See also: GXS700 general troubleshooting


decode.py has a "-e" option to do histogram equalization. This often brings out additional detail by re-mapping from 16 bit grayscale to shifted 8 bit grayscale. This works because humans can see 8 bits much easier than 16. TOOD: could we display usable 16 bit images by using two colors?


$ python decode.py -e capture_004.bin capture_004e.png

NOTE: future revisions may require .png input instead of .bin

x-ray trigger

I haven't messed with the default trigger settings but I suspect you could do very low x-ray triggering if desirable

x-ray fire

I use a Gendex GE-100 x-ray head. I've found these readily available for <$75 on both eBay and Craigslist. This accepts near line level AC inputs for both HV and filament making this easy to control from commodity variacs.

I control the setup via a DLI WPS7. When wired correctly:

  1. Outlet 1: HV
  2. Outlet 2: filament

do something like:

$ WPS7_HOST=wpsip WPS7_PASS=mypassword python fire.py

to fire an x-ray (ie when the sensor is armed. wpsip is something like

Note: you can also set these environment variables in files like .bashrc so you don't have to type them for each command

I recommend you use a hard wired ethernet line and have a way to cut power to the switch remotely if it fails. I do this by running an extension cord across the room so that it can be be pulled in event of WPS7 failure (stuck switch, etc).

TODO: use WPS7 scripting capability to make switch throws atomic


Takes raw, uncalibrated images. I've been asked a few times if I could provide calibration files for the Windows driver or could even use their calibration files on my driver. However, I'm not really interested in supporting their proprietary format. If someone submits a patch though I'll probably merge it in.

cal.py flow

Quick scheme to get rid of the worst artifacts

Basic idea:

  1. Capture a dark field frame (no x-ray) to get the lowest possible pixel value
  2. Capture a flat field frame (x-ray with no object) to get the highest possible pixel value
  3. Rescale images to range found above


  • Decoded images invert pixel values (per x-ray industry convention), so high and low are relative
  • As of late 2017 capture.py now spits out a sensor .json file with each image. Hopefully the scanner will add this soon as well
  • As of this writing no bad pixel replacement is done

1: Capture dark field

First, take a dark field capture using something like:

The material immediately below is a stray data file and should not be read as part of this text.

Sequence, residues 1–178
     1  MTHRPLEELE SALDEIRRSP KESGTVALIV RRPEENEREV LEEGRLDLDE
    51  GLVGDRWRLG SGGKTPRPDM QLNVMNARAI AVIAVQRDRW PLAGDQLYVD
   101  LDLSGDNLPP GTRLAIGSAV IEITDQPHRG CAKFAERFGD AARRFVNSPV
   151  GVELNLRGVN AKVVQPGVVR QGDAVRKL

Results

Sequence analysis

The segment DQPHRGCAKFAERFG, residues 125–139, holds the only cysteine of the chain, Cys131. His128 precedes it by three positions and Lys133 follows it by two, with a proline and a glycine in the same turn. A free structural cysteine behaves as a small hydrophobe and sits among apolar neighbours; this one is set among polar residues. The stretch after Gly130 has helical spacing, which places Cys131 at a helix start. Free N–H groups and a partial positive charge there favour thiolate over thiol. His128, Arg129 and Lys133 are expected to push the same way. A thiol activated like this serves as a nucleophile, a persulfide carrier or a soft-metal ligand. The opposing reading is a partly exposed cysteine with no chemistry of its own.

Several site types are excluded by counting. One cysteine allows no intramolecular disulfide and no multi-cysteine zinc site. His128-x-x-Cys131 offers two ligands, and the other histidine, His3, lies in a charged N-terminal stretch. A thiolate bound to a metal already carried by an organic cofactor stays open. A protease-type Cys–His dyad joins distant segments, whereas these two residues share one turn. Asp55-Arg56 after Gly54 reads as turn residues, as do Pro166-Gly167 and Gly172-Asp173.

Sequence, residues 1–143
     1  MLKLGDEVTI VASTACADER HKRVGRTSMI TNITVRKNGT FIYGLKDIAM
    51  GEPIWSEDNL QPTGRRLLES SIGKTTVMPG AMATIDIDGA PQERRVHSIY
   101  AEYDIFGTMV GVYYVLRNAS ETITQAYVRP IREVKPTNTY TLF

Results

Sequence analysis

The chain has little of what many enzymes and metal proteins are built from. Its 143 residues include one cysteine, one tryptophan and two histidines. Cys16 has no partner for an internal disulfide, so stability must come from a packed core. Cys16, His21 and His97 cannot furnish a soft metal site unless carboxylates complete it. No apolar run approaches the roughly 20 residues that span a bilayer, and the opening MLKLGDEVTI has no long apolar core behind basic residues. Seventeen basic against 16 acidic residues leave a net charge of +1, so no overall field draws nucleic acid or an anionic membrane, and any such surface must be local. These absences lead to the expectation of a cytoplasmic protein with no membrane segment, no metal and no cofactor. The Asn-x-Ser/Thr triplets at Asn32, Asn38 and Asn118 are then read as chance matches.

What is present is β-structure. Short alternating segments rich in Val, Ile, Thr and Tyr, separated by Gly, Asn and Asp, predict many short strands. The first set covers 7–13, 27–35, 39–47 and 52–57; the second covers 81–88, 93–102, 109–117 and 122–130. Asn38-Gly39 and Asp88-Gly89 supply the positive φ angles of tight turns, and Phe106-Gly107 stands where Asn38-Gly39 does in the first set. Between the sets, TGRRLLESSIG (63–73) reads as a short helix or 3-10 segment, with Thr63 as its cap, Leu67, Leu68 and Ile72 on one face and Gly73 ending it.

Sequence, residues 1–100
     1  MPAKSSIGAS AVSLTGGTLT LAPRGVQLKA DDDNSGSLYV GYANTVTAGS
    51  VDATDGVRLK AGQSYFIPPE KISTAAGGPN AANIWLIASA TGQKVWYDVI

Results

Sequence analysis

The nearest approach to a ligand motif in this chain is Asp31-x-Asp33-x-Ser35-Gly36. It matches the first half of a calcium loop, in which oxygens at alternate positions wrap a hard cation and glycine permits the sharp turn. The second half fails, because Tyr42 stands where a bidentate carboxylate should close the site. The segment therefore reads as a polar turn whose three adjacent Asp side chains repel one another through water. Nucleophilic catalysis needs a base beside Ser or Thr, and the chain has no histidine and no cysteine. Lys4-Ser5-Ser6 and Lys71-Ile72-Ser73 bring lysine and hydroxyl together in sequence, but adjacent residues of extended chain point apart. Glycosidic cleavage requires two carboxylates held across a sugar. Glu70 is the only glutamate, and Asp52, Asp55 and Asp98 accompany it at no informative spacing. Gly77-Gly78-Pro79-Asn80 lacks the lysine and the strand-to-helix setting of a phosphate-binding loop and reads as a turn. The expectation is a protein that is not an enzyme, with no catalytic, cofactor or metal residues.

$ gxs700-capture -f -e

This should yield a raw picture that looks something like this:

Mcmaster gxs700 foss df.jpg

And histogram equalized looks like this:

Mcmaster gxs700 foss dfe.jpg

2: Capture flat field

Now make sure the sensor and the x-ray head have the exact same position and settings you will use to take your actual image capture. Make sure there is nothing in the beam and do a standard capture (and also firing the x-ray head):

 $ gxs700-capture -e

This produces a flat field image like this:

Mcmaster gxs700 foss ff.jpg

Which might look like this when histogram equalized:

Mcmaster gxs700 foss ffe.jpg

For best results you should also let the sensor and x-ray head sit a while to warm up. I'm not sure how long matters, but maybe 10 minutes would be good

3: Capture data

ie using capture.py or xray_plan_cli.py

Put your sample in and use the exact setup as the flat field to capture data. Don't move the sensor or x-ray head

4: Correct images

run something like

 $ python cal.py  df.png ff.png png cal


  • df.png is your dark field capture
  • ff.png is your flat field capture
  • png is a directory with your images to be corrected
  • cal is the output directory with corrected images

Here is a raw image as captured:

Mcmaster gxs700 foss ex raw.jpg

And with histogram equalization:

Mcmaster gxs700 foss ex raw e.jpg

Now the corrected image:

Mcmaster gxs700 foss ex out.jpg

And it with histogram equalization:

Mcmaster gxs700 foss ex out e.jpg


I haven't played around too much with trying to maximize quality. One thing that's clear though is that the sensor should be as close as possible to the object to be x-rayed. The tube to sample distance doesn't seem to matter as much


stitch.sh has an example workflow using pr0ntools (panotools). At the core its using mask.py to generate transparency masked images to use the full, albeit irregular, sensor area.